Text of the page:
Study: Temperature changes on volcano sides could predict eruptions years in advance

A vlacno with smoke coming out in the backgroud
Augustine Volcano viewed from the M/V Maritime Maid on March 27, 2006. (Cyrus Read/Alaska Volcano Observatory)

A University of Alaska Fairbanks scientist led the development of a new technique to predict volcanic eruptions years in advance using satellite imagery to track small changes in temperature on lands around the base of a volcano.

UAF volcanologist Tarsila Girona, and two colleagues at NASA’s Jet Propulsion Laboratory analyzed 16 years of satellite imagery looking for ground temperature changes around volcanoes.

Girona said their research published last week in the journal Nature Geosciences shows small temperature changes corresponding with volcanic activity.

“It will also have an increase of this release of heat before the onset of the eruptions. Sometime after the eruption, we start to observe a decrease of these heat emissions,” he said.

Girona said temperature increases on the order of 1 degree Celsius over large areas surrounding volcanoes occurred well prior to eruption.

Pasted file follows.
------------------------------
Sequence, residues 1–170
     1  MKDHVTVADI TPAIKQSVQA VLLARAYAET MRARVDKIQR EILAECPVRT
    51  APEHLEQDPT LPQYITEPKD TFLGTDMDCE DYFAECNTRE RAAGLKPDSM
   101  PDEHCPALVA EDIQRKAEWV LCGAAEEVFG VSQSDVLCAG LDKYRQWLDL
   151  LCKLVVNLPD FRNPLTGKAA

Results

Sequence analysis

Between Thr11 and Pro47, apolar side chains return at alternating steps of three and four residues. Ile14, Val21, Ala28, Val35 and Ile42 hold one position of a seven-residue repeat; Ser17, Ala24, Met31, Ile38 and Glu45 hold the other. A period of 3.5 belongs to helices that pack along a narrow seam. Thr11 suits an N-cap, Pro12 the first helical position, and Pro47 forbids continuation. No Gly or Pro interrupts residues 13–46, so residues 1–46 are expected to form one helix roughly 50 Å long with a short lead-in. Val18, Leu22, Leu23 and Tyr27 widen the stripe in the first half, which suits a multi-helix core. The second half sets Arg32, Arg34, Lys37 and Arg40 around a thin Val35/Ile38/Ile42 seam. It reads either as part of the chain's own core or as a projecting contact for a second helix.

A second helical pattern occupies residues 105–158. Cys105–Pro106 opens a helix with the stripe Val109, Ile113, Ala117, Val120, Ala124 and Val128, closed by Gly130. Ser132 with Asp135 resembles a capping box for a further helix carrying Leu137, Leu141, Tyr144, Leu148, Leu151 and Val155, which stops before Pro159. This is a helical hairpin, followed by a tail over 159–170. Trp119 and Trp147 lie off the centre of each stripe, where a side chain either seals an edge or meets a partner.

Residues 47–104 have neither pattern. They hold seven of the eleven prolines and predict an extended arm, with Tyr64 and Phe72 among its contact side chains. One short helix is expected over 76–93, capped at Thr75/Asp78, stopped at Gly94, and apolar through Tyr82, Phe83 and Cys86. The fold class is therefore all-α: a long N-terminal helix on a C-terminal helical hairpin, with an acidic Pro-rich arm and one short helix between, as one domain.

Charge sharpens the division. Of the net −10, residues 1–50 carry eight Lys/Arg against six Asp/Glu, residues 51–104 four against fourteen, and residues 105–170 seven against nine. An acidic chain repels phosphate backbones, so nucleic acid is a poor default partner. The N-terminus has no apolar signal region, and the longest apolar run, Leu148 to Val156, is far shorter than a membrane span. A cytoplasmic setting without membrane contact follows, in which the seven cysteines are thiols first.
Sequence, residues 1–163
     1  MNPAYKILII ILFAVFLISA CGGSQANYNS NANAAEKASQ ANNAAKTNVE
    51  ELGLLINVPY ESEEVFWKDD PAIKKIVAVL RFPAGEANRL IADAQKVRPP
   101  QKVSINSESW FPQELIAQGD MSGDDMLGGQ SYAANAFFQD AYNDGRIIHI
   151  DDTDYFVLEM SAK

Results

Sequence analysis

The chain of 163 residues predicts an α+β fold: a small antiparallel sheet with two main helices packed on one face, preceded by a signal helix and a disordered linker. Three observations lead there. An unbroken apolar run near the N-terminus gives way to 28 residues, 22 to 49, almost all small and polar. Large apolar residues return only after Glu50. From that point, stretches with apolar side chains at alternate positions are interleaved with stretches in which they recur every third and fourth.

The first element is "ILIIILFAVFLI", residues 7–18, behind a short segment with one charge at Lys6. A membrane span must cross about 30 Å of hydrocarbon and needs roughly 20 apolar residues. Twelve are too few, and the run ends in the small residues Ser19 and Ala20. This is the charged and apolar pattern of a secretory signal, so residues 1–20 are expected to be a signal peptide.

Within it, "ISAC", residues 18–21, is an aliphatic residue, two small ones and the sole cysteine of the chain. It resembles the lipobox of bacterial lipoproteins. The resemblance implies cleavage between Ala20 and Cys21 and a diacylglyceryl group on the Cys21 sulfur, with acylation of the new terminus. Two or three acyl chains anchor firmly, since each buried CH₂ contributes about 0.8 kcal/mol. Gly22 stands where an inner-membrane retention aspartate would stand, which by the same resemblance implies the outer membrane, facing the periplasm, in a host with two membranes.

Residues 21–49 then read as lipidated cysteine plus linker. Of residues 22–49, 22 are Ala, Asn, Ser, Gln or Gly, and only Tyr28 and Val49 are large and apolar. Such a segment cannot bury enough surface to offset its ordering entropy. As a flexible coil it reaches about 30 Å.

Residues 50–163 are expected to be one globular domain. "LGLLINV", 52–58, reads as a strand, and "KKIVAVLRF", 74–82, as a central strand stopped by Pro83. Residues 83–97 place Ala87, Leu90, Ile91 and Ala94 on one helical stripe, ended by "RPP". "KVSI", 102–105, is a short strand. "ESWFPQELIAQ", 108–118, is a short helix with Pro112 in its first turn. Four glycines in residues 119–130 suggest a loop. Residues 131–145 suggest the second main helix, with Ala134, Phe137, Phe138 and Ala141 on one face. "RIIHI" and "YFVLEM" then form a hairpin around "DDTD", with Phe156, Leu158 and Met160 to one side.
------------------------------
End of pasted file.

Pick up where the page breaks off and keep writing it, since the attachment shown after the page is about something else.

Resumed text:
“Increase of these changes in the this temperature, this radiant temperature is starting for a few years before the eruptions,” he said.

Girona said the correspondence held true for several different volcanoes they studied including Alaska’s Mount Readout. He said the next step is to analyze temperature changes on a finer scale to try to more precisely predict when a volcano will erupt.

“(To) explore to what extent we can also observe these thermal changes in shorter timescales. With shorter timescales, meaning from a few days to a few months,” he said.

Girona said the technique can help volcanic eruption forecasting at the UAF-based Alaska Volcano Observatory, and other such facilities around the world.

Girona said one of the next steps is to go into the field and install thermometers in the ground around volcanoes. Girona, who up until last year worked for NASA’s Jet Propulsion Lab in California, has a grant from the space agency to continue collaborating with the Jet Propulsion Laboratory.

Dan Bross is a reporter at KUAC in Fairbanks.

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